Weekly Reading Round-Up
I’m still on my 1920s kick in preparation for the new book, so it’s been a Brideshead Revisited week for me– although I did finally get my hands on Carlos Ruis Zafon’s The Shadow of the Wind, which I’m itching to read.
What have you been reading this week?
Slow reading week for me. I read Deanna Raybourn’s new prequel, Whisper of Jasmine. It has me hooked.
I read Loyal in Death which was very good, but the series needs to be read in order and it’s not everyone’s cup of tea.
I also read Unspoken by Sarah Rees Brennan, Lynburn Legacy #1. It was really dark but I am reserving judgment until I get around to reading the second one.
I just signed out The Winter Sea, but it’s very long which is making me nervous.
The Winter Sea looks long, but the story is so well written that it reads quickly. I have read all of Susanna Kearsley’s books and this is by far my favorite.
I second that, Alice!
I can’t remember the order in which her books are supposed to be read. Can anyone help me out? Thanks!
Winter Sea should definitely be read before The Firebird. Also helps if you read Shadowy Horses before The Firebird, but not totally necessary. Winter Sea and Shadowy Horses aren’t really related to each other, except that each of them is related to The Firebird (I hope I explained that in a way that made sense).
All other books are standalone.
I read the Scribbling Women anthology of essays by romance writers (including the divine Deanna Raybourn, which was why I bought it) about their own, true love stories. It was really charming. I’m still working on The Beacon at Alexandria, I can’t seem to bring myself to finish it and have it be Over.
Incidentally, I had the same reaction to Brideshead, to the extent that, years later, I still haven’t actually finished that book. Having seen the miniseries, I know how it ends, and leaving just one chapter left unread means that that incredible, incredible book will never be over. (Probably my favorite book of all time ever.)
I’m reading Murder of Crows by Ann Bishop now. Before that I read City of God by Sara Miles and Garden of Marvels by Ruth Kassinger.
I was out of town (cruise!), and think I may be forgetting some, but here goes:
Three time travel books in a row, one by the wonderful Elizabeth Chater the name of which I have forgotten, two YAs byRachel Harris, My Super Sweet Sixteenth Century, and A Tale of Two Centuries, cute.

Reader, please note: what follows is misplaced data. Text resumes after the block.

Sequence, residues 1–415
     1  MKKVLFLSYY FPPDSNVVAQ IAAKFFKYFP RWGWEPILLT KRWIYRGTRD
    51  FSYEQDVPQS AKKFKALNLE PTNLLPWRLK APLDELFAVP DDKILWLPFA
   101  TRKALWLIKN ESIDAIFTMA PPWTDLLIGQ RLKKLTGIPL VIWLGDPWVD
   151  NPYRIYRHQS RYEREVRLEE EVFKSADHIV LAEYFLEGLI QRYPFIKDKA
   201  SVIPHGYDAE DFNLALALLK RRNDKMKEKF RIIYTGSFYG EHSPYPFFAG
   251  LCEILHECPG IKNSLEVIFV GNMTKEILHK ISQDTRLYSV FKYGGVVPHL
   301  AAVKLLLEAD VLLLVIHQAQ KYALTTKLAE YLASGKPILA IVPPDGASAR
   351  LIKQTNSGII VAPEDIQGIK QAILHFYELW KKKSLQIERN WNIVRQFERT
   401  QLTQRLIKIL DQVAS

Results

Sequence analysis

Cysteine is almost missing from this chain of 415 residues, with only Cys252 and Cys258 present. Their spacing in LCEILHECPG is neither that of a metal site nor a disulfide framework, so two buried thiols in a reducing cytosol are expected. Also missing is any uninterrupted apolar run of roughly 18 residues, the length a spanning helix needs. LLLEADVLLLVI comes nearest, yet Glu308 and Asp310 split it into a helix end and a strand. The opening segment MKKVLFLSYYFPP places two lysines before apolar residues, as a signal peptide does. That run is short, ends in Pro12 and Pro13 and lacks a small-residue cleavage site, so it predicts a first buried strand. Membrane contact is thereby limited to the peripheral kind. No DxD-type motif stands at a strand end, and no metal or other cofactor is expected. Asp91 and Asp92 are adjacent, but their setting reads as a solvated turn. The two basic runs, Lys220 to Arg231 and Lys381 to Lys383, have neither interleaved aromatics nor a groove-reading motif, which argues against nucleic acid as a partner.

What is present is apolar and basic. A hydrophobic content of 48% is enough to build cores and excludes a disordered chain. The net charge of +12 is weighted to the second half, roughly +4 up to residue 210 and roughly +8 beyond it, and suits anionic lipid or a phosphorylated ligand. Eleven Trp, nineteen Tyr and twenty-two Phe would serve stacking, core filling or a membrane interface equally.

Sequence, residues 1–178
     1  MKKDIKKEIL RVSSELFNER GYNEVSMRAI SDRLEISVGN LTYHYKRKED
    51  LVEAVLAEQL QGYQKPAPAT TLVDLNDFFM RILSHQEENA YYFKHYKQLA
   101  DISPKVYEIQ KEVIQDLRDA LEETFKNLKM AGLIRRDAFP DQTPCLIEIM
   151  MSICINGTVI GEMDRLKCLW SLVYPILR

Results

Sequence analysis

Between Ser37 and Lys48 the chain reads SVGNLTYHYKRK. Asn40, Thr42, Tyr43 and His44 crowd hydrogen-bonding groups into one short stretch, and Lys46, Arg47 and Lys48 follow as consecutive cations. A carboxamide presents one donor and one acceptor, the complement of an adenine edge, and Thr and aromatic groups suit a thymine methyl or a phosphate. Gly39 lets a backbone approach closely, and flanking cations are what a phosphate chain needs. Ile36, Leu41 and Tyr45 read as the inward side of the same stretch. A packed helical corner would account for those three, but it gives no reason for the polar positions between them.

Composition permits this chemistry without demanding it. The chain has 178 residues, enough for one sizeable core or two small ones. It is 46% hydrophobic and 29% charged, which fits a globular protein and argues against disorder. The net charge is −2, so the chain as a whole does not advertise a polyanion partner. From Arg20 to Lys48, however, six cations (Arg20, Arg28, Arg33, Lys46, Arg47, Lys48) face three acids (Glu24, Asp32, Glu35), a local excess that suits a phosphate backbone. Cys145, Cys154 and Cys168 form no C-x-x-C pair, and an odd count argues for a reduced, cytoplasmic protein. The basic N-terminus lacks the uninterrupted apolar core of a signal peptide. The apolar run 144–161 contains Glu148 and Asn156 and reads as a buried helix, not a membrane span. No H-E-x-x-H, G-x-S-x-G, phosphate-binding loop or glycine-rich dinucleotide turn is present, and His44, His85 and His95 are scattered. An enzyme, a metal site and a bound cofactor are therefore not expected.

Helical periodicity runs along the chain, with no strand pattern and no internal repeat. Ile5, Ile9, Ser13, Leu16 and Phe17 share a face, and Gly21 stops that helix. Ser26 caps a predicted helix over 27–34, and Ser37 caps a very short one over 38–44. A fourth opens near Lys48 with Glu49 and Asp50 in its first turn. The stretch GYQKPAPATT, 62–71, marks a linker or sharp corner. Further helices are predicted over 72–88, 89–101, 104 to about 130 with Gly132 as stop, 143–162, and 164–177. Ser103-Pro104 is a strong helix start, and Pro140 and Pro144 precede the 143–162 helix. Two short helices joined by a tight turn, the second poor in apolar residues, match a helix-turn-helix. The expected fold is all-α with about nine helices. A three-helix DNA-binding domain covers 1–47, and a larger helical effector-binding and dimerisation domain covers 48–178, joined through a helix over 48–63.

I am certain there are more
Elizabeth Chater did a time travel? I’ve read about a dozen of her Regency romances and wish you could remember the title of that one.
“The Elsingham Portrait”
Mrs. Chater was my mother-in-law.
I really liked “The Shadow of the Wind!” It was creepy and intriguing.
I’m in the middle of Susanna Kearsley’s “The Splendour Falls” and MJ Rose’s “The Collector of Dying Breaths.” Both are excellent so far, but I’ll admit I’m getting through Susanna’s faster. I think her writing is fantastic.
Oh, I just got my book club to read Brideshead for next month! So excited!
What I’ve been reading, I finished the newest Ministry of Peculiar Occurrences book, such Steampunk fun (out end of March).
Now I’m reading Cress. Which I should have mentioned in the “if you like fairy tales retold” post. The series is my Marissa Meyer and the first Cinder, is a retelling of Cinderella, the second one, Scarlet, is about Little Red Riding Hood (and was a little flat), the newest is Cress, about Rapunzel, and it’s such fun. Futuristic retelling with evil magic people on the moon. The final book, Winter, based on Snow White, comes out early next year.
It was a slow reading week for me because I’m obsessed with Covert Affairs and watched way too many episodes of it this week. I did read The House of Hades, the fourth book in Rick Riordan’s Heroes of Olympus series. I highly recommend it. His books are always entertaining and fast paced. I started Jamaica Inn by Daphne Du Maurier today.
Christina, I love Jamaica Inn and read it several times when I was a teenager. Perhaps it is time to pick it up again? If you enjoy it I also highly recommend the 1980s TV Mini series of it with Jane Seymour and Trevor Eve. It has recently been released on DVD and captures the novel beautifully.